Add this to the fact that Troy Howarth’s new book, Murder By Design: The Unsane Cinema of Dario Argento, will be out in 2020, that means we’ll have a few more Argento books for the library shelves. Maybe we’ll even get to see Volume 3 in Howarth’s So Deadly, So Perverse giallo series. Positive thoughts, my fellow book fiends.
I once again went beyond my goal of reading at least book a month this year, devouring a total of 15 titles. I seem to be on a trend because I’ve done that for the last 2 years. Granted, even at this rate, I still won’t get through every title I have, and that’s even if I stopped adding more titles to the library. And we all know that isn’t going to happen! But that doesn’t mean I’m not going to try! Out of those 15 titles, here are the top 5 that I would recommend the most, listed alphabetically, even though I have a little adder at the bottom. If you want to read more detail about these titles, as well as the other ones I read, click on the link for Horror Reference Book Reviews on the menu to the right.
Ah yes…another fond memory from the old grey market VHS days. Finding an uncut version of Jean Brismée The Devil’s Nightmare (1971) was something you were always on the lookout. Even if you were lucky enough to score the big box VHS of it, under the title The Devil Walks at Midnight, you still were missing footage. Thankfully it was released on DVD in its uncut form, but now, Mondo Macabro is setting out to do that one even better with its HD debut of a brand new restoration from the uncut negative!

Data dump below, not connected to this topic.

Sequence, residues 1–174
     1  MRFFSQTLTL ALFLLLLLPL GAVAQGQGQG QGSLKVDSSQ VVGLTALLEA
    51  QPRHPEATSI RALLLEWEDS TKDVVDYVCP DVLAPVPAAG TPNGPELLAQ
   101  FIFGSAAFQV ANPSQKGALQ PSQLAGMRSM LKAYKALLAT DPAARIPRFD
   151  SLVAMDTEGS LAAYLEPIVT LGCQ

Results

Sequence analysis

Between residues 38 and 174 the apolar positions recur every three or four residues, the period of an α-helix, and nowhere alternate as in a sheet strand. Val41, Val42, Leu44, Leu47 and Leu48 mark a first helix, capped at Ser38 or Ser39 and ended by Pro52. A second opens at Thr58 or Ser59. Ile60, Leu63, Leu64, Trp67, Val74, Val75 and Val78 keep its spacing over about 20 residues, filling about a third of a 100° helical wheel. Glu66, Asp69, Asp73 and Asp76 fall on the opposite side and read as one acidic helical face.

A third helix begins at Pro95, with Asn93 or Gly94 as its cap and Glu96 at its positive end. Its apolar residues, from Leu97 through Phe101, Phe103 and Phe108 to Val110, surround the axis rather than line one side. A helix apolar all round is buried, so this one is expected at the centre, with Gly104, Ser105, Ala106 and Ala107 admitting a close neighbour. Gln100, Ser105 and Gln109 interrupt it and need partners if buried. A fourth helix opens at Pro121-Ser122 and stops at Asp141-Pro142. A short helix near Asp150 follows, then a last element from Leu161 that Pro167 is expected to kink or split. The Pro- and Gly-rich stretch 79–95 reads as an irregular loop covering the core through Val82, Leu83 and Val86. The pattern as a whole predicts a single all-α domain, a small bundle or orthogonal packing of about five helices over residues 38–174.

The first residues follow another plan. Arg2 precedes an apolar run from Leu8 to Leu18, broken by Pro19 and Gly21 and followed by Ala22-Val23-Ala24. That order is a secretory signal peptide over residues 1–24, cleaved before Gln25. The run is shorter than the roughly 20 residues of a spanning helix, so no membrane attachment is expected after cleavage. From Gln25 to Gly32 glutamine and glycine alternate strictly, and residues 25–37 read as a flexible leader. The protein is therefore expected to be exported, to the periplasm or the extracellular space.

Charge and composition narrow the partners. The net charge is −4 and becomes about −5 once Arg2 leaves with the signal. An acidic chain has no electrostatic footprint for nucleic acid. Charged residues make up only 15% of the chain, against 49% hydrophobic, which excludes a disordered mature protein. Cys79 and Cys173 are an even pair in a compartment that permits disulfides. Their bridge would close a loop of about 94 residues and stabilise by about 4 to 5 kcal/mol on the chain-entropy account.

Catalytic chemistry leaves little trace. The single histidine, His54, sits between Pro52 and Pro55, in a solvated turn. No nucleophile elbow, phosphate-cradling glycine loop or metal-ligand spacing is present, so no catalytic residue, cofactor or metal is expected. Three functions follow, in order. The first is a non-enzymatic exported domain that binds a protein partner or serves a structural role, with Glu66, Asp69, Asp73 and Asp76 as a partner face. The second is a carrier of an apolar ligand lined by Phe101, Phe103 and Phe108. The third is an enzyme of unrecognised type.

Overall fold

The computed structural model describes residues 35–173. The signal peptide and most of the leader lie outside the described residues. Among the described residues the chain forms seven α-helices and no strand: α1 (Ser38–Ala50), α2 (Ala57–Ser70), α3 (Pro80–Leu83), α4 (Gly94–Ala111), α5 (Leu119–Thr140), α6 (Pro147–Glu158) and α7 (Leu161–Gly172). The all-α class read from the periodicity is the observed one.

On January 24th, they will be taking pre-orders for their new Blu-ray release of this great Euro-horror classic. There will be a limited edition version, with a standard one being available at a later date. Final details on the specs are being worked out still, and there might be different specs between the limited edition and the regular ones, but here is what they have released so far:
Human Beasts: The Films of Paul Naschy
Published by CreateSpace, 2018. 344 pages
By Troy Howarth
Followers of the Krypt might know of my slight fondness for the work of Spanish writer/director/actor and all around horror fan, Jacinto Molina, better known as Paul Naschy. Besides his own autobiography, Memoirs of a Wolfman or Muchas Gracias Senor Lobo that showcases all these amazing posters, lobby cars, and other material from his movies, there hasn’t been a book out, at least that I know of here in the states, that covers the massive filmography of Naschy. Until now.
Let me say right from the start that Howarth is not only a good friend of mine, but that I also have a very small part in this book, in the Naschy legacy section in the back. Also, that I’m a die-hard Naschy fan that is just thrilled to death that there is finally a book about him and his films. But I would ask you to believe that if I had issues with Troy’s writing, or this book in general, that I would be up front and honest about them here. I don’t mix words when it comes to reviewing, especially books, even more so when they are about a subject that I am very passionate about.